Jessica Sims: The Woman Who Refused to Cut Her Hair for the Navy
Jessica Sims is a former Navy hospital corpsman who made headlines in 2014 when she was discharged from the military for refusing to cut her dreadlocks. Sims had been wearing her hair in dreadlocks since 2005, and claimed that they did not interfere with her duties or her ability to wear protective gear. She also argued that her hairstyle was in compliance with the Navy’s grooming regulations, which allowed for “neat and conservative” hairstyles that did not protrude more than two inches from the scalp.
However, in 2014, Sims was told by her superiors that her dreadlocks were unacceptable and that she had to either cut them off or wear a wig. Sims refused to do either, saying that her hair was part of her identity and culture. She also filed a complaint with the Equal Employment Opportunity Commission (EEOC), alleging that the Navy’s policy was discriminatory against black women. She said that she had seen other women with similar hairstyles who were not reprimanded, and that the Navy’s standards were based on European norms of beauty.
Sims was ultimately given an honorable discharge from the Navy, but she lost her benefits and her chance to reenlist. She said that she did not regret her decision, and that she hoped to inspire other women to stand up for their rights. She also said that she planned to pursue a career in nursing or public health.
Jessica Sims’ case sparked a debate about the role of race and gender in the military, and the need for more diversity and inclusion in its ranks. Some praised Sims for her courage and integrity, while others criticized her for disobeying orders and disrespecting the uniform. The Navy later revised its grooming regulations to allow more flexibility for hairstyles such as braids, twists, and locks, as long as they were neat and professional.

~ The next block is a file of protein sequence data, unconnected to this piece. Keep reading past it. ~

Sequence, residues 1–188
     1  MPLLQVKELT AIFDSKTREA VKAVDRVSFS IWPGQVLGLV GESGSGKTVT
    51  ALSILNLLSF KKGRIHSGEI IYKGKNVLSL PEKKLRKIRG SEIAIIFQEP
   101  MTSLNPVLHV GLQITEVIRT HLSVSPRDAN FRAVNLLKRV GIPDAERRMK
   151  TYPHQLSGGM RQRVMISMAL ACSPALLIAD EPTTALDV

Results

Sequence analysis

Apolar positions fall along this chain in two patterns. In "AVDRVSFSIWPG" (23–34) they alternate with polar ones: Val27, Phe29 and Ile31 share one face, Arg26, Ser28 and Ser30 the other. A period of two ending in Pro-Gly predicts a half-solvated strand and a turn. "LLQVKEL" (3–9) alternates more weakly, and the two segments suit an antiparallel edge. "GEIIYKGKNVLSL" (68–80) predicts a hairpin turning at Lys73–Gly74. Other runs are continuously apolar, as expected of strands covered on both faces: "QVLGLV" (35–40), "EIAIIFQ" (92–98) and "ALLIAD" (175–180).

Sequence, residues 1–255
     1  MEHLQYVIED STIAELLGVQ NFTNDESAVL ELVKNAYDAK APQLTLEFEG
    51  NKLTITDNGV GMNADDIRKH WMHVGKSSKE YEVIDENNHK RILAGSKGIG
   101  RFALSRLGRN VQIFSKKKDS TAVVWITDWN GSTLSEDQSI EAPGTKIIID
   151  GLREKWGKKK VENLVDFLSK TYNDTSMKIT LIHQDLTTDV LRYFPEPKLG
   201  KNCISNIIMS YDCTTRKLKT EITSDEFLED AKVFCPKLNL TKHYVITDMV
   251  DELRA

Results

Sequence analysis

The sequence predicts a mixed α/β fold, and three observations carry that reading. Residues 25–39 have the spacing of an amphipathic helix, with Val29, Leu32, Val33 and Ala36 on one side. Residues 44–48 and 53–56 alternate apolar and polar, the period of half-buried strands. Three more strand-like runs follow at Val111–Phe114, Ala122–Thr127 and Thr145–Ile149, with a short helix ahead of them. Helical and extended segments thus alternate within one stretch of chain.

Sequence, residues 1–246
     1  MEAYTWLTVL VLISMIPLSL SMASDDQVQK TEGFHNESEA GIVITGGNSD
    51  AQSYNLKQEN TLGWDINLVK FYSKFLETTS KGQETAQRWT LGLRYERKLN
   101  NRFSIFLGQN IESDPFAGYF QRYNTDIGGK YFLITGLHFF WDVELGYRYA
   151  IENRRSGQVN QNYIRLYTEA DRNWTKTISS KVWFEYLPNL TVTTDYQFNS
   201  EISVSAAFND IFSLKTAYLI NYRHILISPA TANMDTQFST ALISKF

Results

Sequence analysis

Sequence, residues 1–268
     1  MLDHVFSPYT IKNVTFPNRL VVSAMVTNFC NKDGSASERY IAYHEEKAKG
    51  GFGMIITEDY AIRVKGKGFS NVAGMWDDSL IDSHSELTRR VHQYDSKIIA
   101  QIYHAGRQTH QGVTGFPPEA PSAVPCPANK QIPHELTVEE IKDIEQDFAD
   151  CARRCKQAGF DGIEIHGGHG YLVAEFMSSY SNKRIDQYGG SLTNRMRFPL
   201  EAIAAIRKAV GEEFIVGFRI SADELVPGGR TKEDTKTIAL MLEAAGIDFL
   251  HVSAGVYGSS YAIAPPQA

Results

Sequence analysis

Jessica Sims is not the only woman who has faced discrimination and harassment in the military because of her hair. According to a 2017 survey by the Service Women’s Action Network (SWAN), more than a third of black women in the military reported having negative experiences related to their hair, such as being singled out, ridiculed, or punished. The survey also found that black women were more likely than other women to change their hairstyles to conform to the military’s expectations, and to spend more time and money on their hair care.
Many black women in the military have expressed frustration and anger over the lack of respect and understanding for their natural hair and cultural heritage. They have also challenged the notion that their hair is unprofessional or unkempt, and have advocated for more representation and inclusion in the military’s leadership and decision-making. Some have also shared their stories and experiences on social media platforms such as Twitter and Instagram, using hashtags such as #BlackHairMatters and #DontTouchMyHair.
While the military has made some progress in updating its grooming policies and addressing the concerns of black women, there is still room for improvement and dialogue. Some experts have suggested that the military should provide more education and training on diversity and cultural sensitivity, and that it should create more spaces for feedback and communication between service members and their superiors. They have also urged the military to recognize and celebrate the diversity and contributions of its members, regardless of their race, gender, or hairstyle.